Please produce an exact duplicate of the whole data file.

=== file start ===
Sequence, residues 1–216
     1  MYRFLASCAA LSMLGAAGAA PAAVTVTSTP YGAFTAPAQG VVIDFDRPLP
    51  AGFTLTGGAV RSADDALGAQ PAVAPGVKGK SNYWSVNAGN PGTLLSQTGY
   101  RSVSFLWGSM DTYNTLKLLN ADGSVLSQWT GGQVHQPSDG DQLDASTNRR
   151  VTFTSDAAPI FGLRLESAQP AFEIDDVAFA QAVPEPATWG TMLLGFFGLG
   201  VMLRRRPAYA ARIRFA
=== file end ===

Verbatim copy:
Sequence, residues 1–216
     1  MYRFLASCAA LSMLGAAGAA PAAVTVTSTP YGAFTAPAQG VVIDFDRPLP
    51  AGFTLTGGAV RSADDALGAQ PAVAPGVKGK SNYWSVNAGN PGTLLSQTGY
   101  RSVSFLWGSM DTYNTLKLLN ADGSVLSQWT GGQVHQPSDG DQLDASTNRR
   151  VTFTSDAAPI FGLRLESAQP AFEIDDVAFA QAVPEPATWG TMLLGFFGLG
   201  VMLRRRPAYA ARIRFA